The Nike Women’s Half Marathon is not one of those races that is easy to get a personal record on. Why? There are so many people running. There are many others walking. The first three or four miles are spent weaving through people until we hit the hills, then it evens out a little bit.
So my expectations, especially after my horrendous experience at the Rock ‘n’ Roll San Jose Half Marathon, were pretty low. I ran a 2:36 in San Jose. Not great. My body hurt. I hate the entire experience.
Nike was the complete opposite of that.
I loved every minute of it, even the beginning with a new corral system.
And I finished 13 minutes ahead of my time from last year. I figured I’d do better than last year no matter what because I at least new what to expect this year.
The whole experience was positive, though.
I woke up early for the 7 a.m. Union Square start. It was dark when we left our home in Tracy. It was still dark when we neared the city. I stopped at my predesignated race bathroom pit stop before heading into San Francisco.
Know where this is? I think it’s one of the best kept secrets if you are coming in to run from the East Bay. There are three portable toilets here, no lines. Stopped here saved me during the 1st Half of the San Francisco Marathon. The lines at the Embarcadero were just way too long for me to even consider going to the bathroom at the race start.
My husband dropped me off about a block from my corral opening. The first thing I noticed: There were a ton of people waiting for the bathrooms. Great, I thought, a repeat of last year. I was glad I went before I got into the city.
I walked up to the middle of my corral and was surprised to find another set of portable toilets with lines only three deep. Seriously? How is no one finding these? I jumped in a line with 15 minutes to race time and was out by the time the gun went off to let the first corral go.
I even had time to head up toward the front of my corral, which it seemed like a lot of people were avoiding.
It was still pretty dark at the start. I didn’t start seeing a glimmer of the light until I was about to cross the start line, 16 minutes after the first people began.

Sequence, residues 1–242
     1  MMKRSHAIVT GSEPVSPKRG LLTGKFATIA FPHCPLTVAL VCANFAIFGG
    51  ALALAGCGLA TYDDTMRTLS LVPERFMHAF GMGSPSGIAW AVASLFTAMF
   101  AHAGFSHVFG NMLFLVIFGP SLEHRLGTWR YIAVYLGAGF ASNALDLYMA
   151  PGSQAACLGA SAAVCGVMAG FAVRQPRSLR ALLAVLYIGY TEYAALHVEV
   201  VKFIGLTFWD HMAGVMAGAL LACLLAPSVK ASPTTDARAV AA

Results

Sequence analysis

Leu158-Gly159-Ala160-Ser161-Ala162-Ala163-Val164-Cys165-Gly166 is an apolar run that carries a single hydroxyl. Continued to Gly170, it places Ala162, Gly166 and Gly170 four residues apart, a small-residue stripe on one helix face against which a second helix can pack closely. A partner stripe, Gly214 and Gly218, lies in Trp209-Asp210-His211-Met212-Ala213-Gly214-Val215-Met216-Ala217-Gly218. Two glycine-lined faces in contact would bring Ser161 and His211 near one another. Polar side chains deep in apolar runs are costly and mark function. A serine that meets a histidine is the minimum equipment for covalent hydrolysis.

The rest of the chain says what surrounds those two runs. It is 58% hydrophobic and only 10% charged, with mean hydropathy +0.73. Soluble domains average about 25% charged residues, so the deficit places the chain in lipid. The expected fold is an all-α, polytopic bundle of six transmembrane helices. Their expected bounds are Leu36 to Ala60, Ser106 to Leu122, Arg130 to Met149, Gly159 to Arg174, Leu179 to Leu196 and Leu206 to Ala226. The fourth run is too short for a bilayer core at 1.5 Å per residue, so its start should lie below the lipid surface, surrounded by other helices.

It was kind of beautiful, though, to see the shadows on the ground.
There was really that much space between me and the next person. It was nice not to be on top of one another, a huge change from last year.
It didn’t seem long until the announcer was telling us that it was time to head out. And, just as quickly as I got there, we were off and running.
Mile 1: 10:50 — A downhill at the beginning, not too bad. Bobbing and weaving a lot. My Garmin actually had me pacing closer to 12-minute miles. I should have known than that something was wrong with it.
Mile 2: 11:04 — Continuing running through and around people. We’re down at the Embarcadero now, with a slight wind coming up from the San Francisco Bay. But it was getting a little warm already.
Mile 3: 11:38 — A slight hill near Ghirardelli Square. I actually heard a woman say: “Wow, my friend said the hills were bad, this isn’t bad at all.” I laughed a little, if only because I knew what was coming up soon.
Mile 4: 12:32 — On the first hill, slowing down a little, but not feeling horrible. I was worried about my legs. They started getting a little tired here.
Mile 5: 11:08 — Now a downhill and run through Crissy Field. I love running along here. It’s a beautiful area, plus there is a huge cheering area at the Marina Safeway. This is probably my favorite part of the run. I picked it up here because I was so pumped…and I knew what was coming up.
Mile 6: 12:03 — Not bad as I continue through the area near Golden Gate Bridge. It’s getting harder to stop at water stops because it seems like everyone is stopping near the end now. There are just a lot of people in this race, so everything takes time.